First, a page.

Scottish FoI Update: Covid–19 front-line deaths by occupation

This article is an important update to my prior Freedom of Information Act articles published by UK Column from January 2023 until now, all of which can be found hereA response to readers' remarks on the below article was published in November 2023.


NRS admits errors 

Around six months after I submitted my original batch of Freedom of Information requests to Scottish public bodies, and after the articles had received hundreds of thousands of views thanks to Dr Paul Alexander in the United States (former pandemic advisor to President Trump), I was contacted unexpectedly on 26 June 2023 by National Records of Scotland (NRS) with the following message, which relates specifically to that article of mine which Dr Alexander popularised:


Letter from National Records of Scotland (NRS) 26 June 2023

Correspondence from National Records of Scotland (NRS), 26 June 2023. Click here to view the complete communication thread.

Over a period of two years gathering data, I found this explanation somewhat odd. How could Scotland’s primary source of statistics manage to make such a significant error in death recording?

I contacted them with the following query:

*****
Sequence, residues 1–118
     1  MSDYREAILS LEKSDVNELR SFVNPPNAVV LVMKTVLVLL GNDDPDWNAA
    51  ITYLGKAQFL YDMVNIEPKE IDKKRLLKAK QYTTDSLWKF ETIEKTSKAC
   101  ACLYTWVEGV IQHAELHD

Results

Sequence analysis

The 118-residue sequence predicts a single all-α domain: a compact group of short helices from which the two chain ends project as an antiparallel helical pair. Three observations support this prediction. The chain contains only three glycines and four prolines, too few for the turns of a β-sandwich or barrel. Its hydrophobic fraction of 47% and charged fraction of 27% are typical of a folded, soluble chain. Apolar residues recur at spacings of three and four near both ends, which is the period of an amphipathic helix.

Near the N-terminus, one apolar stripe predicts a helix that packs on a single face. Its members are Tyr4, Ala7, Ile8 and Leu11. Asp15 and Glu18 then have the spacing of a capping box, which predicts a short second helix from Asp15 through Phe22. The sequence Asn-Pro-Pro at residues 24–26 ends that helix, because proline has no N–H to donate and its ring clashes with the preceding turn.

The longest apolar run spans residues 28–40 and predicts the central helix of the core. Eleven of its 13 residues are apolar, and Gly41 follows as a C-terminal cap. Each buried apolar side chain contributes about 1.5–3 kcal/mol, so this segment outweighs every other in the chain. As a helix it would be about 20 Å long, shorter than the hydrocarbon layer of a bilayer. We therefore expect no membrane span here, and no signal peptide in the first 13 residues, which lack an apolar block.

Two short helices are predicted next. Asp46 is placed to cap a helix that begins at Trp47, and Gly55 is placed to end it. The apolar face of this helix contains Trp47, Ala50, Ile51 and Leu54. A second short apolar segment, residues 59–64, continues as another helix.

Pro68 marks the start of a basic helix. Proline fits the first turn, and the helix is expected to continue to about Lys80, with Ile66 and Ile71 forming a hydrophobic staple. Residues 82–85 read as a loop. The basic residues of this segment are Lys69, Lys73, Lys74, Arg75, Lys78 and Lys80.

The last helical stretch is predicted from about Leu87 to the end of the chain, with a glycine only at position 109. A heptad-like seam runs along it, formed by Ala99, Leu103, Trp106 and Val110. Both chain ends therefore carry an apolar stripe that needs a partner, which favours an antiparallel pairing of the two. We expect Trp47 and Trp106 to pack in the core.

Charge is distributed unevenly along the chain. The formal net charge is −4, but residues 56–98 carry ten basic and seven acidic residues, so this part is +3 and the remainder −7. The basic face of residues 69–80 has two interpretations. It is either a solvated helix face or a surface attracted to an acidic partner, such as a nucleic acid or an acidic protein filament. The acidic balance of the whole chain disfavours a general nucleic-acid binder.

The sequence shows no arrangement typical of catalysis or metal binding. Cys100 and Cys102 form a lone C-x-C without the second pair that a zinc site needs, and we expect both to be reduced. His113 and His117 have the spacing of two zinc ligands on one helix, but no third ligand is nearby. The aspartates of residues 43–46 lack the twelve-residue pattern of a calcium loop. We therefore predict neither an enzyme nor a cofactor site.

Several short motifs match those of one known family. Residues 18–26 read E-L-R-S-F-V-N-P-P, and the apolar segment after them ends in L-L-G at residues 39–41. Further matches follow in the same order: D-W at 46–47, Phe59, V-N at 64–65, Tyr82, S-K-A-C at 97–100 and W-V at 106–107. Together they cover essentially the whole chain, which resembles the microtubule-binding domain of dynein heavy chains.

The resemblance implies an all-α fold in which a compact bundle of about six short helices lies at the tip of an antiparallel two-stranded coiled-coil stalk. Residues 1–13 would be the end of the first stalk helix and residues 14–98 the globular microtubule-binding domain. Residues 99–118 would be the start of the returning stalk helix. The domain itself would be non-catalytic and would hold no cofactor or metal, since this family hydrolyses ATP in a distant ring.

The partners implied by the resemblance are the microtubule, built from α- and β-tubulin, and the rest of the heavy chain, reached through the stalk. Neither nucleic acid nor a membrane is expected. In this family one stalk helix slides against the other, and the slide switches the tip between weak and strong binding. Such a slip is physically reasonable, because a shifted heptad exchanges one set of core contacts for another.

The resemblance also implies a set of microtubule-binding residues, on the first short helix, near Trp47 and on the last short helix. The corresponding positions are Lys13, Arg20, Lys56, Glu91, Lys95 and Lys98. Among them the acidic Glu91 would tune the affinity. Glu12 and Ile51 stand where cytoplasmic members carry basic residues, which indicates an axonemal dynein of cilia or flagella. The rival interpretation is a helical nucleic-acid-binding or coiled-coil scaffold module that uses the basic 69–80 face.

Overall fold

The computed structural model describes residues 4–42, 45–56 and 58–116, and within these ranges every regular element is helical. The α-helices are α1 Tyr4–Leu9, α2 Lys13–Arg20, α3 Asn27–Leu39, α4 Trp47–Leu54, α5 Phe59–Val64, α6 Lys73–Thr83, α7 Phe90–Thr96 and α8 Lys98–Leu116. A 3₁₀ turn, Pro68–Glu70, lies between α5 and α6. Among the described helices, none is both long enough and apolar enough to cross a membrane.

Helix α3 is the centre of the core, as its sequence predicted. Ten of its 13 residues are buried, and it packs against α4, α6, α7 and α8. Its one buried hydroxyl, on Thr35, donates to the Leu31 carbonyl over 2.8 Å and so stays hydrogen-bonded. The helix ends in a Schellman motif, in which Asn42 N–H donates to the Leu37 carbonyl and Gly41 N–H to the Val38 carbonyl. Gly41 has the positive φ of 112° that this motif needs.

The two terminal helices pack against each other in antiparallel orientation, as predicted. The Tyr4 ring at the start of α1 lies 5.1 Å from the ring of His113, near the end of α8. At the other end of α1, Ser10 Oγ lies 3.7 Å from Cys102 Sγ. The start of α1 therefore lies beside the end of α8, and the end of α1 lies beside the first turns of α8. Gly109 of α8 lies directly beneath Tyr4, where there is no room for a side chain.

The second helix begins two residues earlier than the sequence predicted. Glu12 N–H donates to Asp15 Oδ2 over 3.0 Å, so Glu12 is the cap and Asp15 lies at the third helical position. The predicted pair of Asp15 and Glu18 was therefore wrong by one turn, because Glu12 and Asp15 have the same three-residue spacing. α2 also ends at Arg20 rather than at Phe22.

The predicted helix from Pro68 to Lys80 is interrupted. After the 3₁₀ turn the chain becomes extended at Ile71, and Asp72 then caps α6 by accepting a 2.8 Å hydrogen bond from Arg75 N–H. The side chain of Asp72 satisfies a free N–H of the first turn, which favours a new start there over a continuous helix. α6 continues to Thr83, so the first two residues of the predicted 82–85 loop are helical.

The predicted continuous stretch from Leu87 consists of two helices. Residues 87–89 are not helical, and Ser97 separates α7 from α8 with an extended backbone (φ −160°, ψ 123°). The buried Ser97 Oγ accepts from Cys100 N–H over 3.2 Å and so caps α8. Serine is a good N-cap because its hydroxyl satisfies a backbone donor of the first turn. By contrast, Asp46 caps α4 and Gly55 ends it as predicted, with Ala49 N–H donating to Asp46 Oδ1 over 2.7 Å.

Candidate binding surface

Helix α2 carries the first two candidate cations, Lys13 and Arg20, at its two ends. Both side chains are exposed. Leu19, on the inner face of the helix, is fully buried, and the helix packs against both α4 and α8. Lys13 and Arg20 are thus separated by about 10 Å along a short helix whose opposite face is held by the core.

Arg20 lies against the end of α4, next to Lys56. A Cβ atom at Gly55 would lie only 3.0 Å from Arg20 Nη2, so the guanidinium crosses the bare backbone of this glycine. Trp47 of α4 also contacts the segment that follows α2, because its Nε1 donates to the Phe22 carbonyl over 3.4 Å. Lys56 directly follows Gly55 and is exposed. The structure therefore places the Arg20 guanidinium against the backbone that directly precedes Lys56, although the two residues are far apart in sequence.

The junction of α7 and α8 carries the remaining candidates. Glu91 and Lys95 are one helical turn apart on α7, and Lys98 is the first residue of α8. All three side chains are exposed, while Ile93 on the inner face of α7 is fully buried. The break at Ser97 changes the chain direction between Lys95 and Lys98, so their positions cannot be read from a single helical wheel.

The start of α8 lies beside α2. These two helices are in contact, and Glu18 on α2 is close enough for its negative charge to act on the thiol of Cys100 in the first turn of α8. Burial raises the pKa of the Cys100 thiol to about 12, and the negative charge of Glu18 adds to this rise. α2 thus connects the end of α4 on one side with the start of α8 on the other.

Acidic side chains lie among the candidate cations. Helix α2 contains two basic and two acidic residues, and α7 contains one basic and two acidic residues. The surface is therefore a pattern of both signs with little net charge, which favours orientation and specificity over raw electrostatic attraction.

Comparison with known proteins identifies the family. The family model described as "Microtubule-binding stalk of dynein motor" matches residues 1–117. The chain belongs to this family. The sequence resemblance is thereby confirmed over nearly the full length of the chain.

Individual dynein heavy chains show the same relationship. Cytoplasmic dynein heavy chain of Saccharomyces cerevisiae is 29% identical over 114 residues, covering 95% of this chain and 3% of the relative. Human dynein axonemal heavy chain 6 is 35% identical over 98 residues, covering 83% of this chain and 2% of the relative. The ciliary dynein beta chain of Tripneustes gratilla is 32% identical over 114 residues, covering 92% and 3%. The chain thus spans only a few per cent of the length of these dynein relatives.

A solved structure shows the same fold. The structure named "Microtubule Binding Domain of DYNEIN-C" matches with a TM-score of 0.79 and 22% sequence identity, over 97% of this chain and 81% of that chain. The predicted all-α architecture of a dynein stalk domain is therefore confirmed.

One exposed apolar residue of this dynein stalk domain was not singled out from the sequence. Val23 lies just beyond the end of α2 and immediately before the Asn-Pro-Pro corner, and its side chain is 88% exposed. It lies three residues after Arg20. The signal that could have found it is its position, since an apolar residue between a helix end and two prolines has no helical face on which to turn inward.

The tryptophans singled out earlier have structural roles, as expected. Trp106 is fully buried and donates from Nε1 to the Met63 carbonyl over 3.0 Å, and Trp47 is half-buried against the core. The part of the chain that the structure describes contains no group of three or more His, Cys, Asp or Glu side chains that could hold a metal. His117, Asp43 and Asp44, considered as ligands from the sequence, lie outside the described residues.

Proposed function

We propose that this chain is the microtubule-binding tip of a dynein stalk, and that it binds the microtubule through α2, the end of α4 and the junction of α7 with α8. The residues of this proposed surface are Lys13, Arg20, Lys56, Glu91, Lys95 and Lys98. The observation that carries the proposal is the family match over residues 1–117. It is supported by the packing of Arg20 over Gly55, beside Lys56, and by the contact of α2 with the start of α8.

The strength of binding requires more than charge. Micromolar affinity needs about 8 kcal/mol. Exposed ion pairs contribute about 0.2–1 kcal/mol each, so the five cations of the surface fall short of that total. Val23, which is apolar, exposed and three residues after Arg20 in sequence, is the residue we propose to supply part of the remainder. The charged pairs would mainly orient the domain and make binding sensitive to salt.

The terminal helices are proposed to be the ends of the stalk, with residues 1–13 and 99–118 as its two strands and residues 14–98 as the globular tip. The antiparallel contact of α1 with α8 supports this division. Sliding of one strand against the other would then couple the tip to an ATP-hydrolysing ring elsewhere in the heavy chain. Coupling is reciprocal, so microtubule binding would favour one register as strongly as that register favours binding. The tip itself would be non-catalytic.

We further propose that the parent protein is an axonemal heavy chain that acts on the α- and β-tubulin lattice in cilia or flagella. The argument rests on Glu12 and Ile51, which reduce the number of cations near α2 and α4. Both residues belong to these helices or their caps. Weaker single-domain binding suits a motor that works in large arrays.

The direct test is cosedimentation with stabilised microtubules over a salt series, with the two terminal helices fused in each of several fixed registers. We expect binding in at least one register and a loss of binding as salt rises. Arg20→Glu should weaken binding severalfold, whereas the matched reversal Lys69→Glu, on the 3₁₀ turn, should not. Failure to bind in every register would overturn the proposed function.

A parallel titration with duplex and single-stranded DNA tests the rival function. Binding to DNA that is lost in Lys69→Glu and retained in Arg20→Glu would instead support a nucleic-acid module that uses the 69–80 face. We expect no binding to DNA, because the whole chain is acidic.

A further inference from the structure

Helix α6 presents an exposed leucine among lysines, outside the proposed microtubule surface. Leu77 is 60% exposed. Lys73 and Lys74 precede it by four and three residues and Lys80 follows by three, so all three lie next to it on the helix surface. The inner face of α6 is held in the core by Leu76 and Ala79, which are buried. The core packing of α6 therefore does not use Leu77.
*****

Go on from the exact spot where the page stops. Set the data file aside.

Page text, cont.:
Could you explain in more detail about these errors. What went wrong and how this was discovered?

To which I received the response below:


David Tait's response

Again, I was less than convinced by this explanation, but nonetheless, I was pleased that NRS was willing to engage and to offer further explanations. I queried some more.


Reply from NRS to David Tait's query


As you can see, the mistakes were discovered in the Freedom of Information requests due to a query from ‘’a member of the public’’, which prompted NRS to re-check. From my experience, this is unusual, as I find there is a distinct lack of interest in this information from members of the public, and also from my local parliamentarians (MSPs). Follow-up questions were left unanswered, and National Records of Scotland ended the communication as follows:


Closing comments from NRS

So what does the new data demonstrate?

Prior released data by NRS showed there were no deaths ‘involving’ Covid–19 in the following categories:

  • doctors,
  • nurses,
  • shop workers,
  • police,
  • and primary and secondary school teachers—

from 2020 to 2022. Yet from the update I received in July 2023, there have been an additional 131 ‘Covid’ deaths added across all the aforementioned occupations from 2020 to 2022:

  • Teachers (SOC2010 codes 2314, 2315, 2319): 17 deaths 
  • Shop Workers (SOC2010 codes 7111, 7112): 67 deaths 
  • Police officers (SOC2010 code 3312): 7 deaths
  • Doctors (SOC2210 code code 2211): 5 deaths
  • Nurses (SOC 2010 code 2231): 35 deaths